“Much of the emphasis in…gas exchange physiology is oxycentric, and carbon dioxide is often neglected and…may be more important than oxygen in regulation.”
Ventilation/perfusion ratio () matching is fundamental to efficient gas exchange, and its disruption or augmentation in disease, during surgery, and with certain drugs is important in the practice of anesthesiology, pulmonology, and critical care medicine. The role of hypoxic pulmonary vasoconstriction is very well known to most physicians and is considered primarily responsible for the effective matching of regional ventilation and perfusion. Hypoxic pulmonary vasoconstriction diverts blood flow from poorly or nonventilated lung regions to better ventilated areas and was first demonstrated in the late 1940s in animals and humans.1 While hypoxic pulmonary vasoconstriction is due to the decrease in alveolar oxygen occurring in underventilated units and initiating vasoconstriction, an increase in carbon dioxide also occurs concurrently and is equally potent in this regard, as von Euler and Liljestrand2 recognized in their seminal study. Although hypercapnia clearly magnifies the strength of hypoxic pulmonary vasoconstriction, hypercapnic vasoconstriction occurs in the normoxic healthy lung as well,3 where the evidence for any role of hypoxic pulmonary vasoconstriction has been questioned.4 Given the importance of matching regional perfusion to ventilation, it should not be surprising that nature and evolution have endowed the lungs with more than one mechanism to accomplish it.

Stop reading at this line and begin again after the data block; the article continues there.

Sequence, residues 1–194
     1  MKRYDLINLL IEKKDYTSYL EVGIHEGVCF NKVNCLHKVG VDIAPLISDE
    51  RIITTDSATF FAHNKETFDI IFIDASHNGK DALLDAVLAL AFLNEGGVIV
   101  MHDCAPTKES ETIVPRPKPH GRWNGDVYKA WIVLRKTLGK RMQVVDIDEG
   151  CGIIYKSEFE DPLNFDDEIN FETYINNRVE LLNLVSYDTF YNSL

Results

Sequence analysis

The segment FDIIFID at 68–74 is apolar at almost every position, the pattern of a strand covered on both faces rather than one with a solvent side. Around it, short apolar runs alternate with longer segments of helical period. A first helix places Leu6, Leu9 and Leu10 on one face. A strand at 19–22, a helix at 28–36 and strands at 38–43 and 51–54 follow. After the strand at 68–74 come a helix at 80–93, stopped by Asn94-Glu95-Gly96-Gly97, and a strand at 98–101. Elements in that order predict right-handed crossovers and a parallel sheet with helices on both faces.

Far less appreciated, however, in regional regulation, is the ability of the lungs to also respond to changes in local perfusion by appropriately diverting ventilation from poorly perfused regions toward better perfused areas, as shown elegantly in the current issue of Anesthesiology by Langer et al.5 The authors show in the anesthetized pig that temporary occlusion of lobar blood flow by inflation of a balloon-tipped 5-F Swan-Ganz pulmonary artery catheter in the left inferior pulmonary artery (subserving roughly a third of the lungs) for 30 min generates far less dead space and less arterial hypercapnia than would be predicted by the volume of lung with interrupted perfusion. They observed only a small increase in dead space assessed by the Bohr-Enghoff equation from 37 to 43% and an increase in Paco2 of just 2 mmHg at a fixed level of minute ventilation. Respiratory system compliance fell from 24.4 to 22.8 ml/cm H2O, with the greatest reduction occurring in the left hemithorax. Utilizing quantitative computed tomographic imaging, they demonstrated a significant reduction in density of the nonperfused lung area due both to a reduction in tissue density and an increase in air volume. These findings are consistent with a significant diversion of ventilation from the less compliant left lower lobe. Studies dating back to the 1950s using different means of assessing acute ventilation changes after cessation of blood flow established a figure of 30 to 50% reduction of ventilation with cessation of blood flow to a lobe or lung.6 This is comparable to the amount of blood flow diversion from a nonventilated (shunt) region by hypoxic pulmonary vasoconstriction,7 and for both oxygen and carbon dioxide, the magnitude of diversion is greater the smaller the volume of lung involved.